Pop quiz: what kind of device are more shoppers planning to purchase through this holiday season - a tablet or a smartphone? Make a guess before reading on!
According to ThreatMetrix survey of 722 active Internet using consumers, 37% intend to make a purchase using their smartphone, nearly three times as many as those who plan to use their tablet. (View the entire infographic on The High Low). Why? One explanation is how we use the mobile web -- tablets are used primarily in the living room, not on-the-go, making it just as easy to transact from a desktop or laptop machine than fiddle with a touch screen. A smartphone is on your person most, if not all of the time. But more likely the reason is simply, despite the rapid adoption of tablets, more folks own a smartphone. According to Forrester Research, 9% of consumers owned a tablet vs 39% owning a smartphone when surveyed in June 2011.
Not so fast... The top categories folks are willing to purchase with mobile devices are music and apps (77% and 73%, respectively), gas (69%) and travel (52%). Consumer electronics (48%) and clothing (42%) are not far behind, but pale in comparison to digital downloads that enhance the device and practical purchases like gas and travel. In other words - folks are shopping for themselves, most often for content that enhances their experiences with their own devices. If you strip out device-enhancing purchases like ringtones, according to Forrester, only 13% of consumers have purchased a physical product through their smartphone. Contrast this with 47% of tablet owners. The real growth in mcommerce will come from tablets In Why Tablet Commerce May Soon Trump Mobile, Sucharita Mulpuru cites a study by Forrester and Bizrate that found more than half of tablet owners prefer to shop with their tablets over their smartphones, thanks to larger screens. Some are using tablets as replacement for PCs, a trend that's likely to continue. Tablet owners also spend more time on the web, and more time browsing just for fun. (A stat mentioned at the X.Commerce launch last week was the top reason for visiting mobile retail sites was because users are bored and want to kill time - 78%)! Retailers surveyed by Forrester report that 21% of their mobile traffic comes from tablets, some over 50%.
It's not either-or
Regardless of whether a survey finds more shoppers use smartphones or tablets to access your site, you need to optimize for both experiences. You may have higher traffic Monday to Thursday, but it doesn't mean you take down your site on weekends. The point is not to prioritize one at the expense of the other, they complement each other. Remember, mobile "shopping" consists of more than completing a purchase, including product research (search/browse and reading ratings and reviews), price comparison and store hours/location lookup. Google predicts 44% of last-minute gift and store location searches will be mobile in December. Searches are performed on both smartphones and tablets. And your email messages are accessed on both devices, too.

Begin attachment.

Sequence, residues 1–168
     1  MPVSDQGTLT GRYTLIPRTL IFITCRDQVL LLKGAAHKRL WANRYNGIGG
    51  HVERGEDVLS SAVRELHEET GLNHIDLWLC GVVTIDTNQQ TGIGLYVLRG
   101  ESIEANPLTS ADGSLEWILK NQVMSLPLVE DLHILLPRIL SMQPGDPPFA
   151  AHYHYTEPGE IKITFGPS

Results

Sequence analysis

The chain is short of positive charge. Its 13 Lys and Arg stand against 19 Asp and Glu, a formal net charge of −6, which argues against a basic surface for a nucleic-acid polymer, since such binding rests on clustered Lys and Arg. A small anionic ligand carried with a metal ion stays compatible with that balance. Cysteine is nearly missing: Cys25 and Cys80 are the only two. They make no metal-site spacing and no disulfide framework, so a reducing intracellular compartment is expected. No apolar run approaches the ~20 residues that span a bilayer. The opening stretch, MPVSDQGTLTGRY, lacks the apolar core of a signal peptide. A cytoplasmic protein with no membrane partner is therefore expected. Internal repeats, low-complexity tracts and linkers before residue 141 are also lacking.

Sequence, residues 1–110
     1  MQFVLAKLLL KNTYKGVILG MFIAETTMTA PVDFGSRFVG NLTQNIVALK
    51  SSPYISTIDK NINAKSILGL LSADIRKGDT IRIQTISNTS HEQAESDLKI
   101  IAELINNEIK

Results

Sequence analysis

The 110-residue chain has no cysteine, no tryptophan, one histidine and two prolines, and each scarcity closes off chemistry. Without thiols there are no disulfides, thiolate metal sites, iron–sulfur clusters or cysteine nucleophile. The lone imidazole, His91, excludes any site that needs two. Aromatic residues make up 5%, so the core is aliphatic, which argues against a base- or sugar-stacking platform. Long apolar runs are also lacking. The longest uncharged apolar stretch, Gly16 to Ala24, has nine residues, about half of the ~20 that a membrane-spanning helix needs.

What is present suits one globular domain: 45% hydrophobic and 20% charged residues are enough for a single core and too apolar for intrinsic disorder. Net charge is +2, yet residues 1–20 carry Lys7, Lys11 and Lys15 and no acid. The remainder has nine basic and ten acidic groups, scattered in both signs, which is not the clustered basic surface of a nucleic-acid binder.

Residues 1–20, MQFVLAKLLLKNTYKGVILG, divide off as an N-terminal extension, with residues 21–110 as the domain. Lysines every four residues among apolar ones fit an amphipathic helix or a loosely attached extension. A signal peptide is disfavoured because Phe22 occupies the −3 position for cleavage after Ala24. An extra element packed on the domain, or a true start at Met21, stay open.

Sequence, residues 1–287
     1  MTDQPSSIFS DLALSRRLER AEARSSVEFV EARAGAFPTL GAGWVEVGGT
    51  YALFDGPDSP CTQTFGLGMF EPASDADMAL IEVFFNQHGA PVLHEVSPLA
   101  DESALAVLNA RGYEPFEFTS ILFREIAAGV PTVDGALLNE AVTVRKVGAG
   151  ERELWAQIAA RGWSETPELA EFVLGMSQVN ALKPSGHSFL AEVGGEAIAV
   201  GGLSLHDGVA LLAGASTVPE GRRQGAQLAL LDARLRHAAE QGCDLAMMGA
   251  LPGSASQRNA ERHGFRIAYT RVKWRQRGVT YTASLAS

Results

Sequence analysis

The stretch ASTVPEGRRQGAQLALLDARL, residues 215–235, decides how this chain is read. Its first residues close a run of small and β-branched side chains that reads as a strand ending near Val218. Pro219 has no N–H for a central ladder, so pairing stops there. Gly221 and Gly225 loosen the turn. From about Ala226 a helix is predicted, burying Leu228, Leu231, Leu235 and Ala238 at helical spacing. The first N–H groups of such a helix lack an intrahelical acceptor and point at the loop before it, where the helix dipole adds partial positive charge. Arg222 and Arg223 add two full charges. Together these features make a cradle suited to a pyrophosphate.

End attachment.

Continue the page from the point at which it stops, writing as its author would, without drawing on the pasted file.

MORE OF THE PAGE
Maximize the value of your mobile investment
The value of mobile optimization extends beyond what you can measure through analytics, making true ROI difficult to measure. Customers who use mobile to browse and research may complete their purchases on their desktops or laptops. Features that support cross-device shopping, such as saved carts, wishlists and shopping-list style applications can help you squeeze more value out of smartphone and tablet visits, as can triggered emails for carts abandoned on mobile devices so purchases can be easily completed online (get that email address in the first step!)
Are small screens the biggest deterrent to shopping on mobile devices? Nope. 45% of online consumers say that they would shop more if their mobile phone numbers could be kept private, and 44% if mobile payments were more secure, compared to 36% if mobile sites had more features and functionality, and 32% if their mobile devices had a larger screen. Compare the percentage of consumers who fear mobile security (44%) to those who fear sharing financial information online in general (28%). Your job to instill confidence is to overcommunicate the security of your mobile website. I recommend the following:
1. Offer an alternative payment option such as PayPal or Google Checkout (PayPal is more ubiquitous).
2. Title your checkout process "Secure Checkout" instead of "Checkout."
3. Label your checkout button "Secure Checkout" or use a lock icon.
4. Place point-of-action assurances proximal to credit card/financial information entry fields (Verisign badges, links to details of your privacy and security policies).
Looking for help with mobile commerce strategy? Contact the Elastic Path consulting team at email@example.com to learn how our ecommerce strategy and mobile strategy services can improve your business results.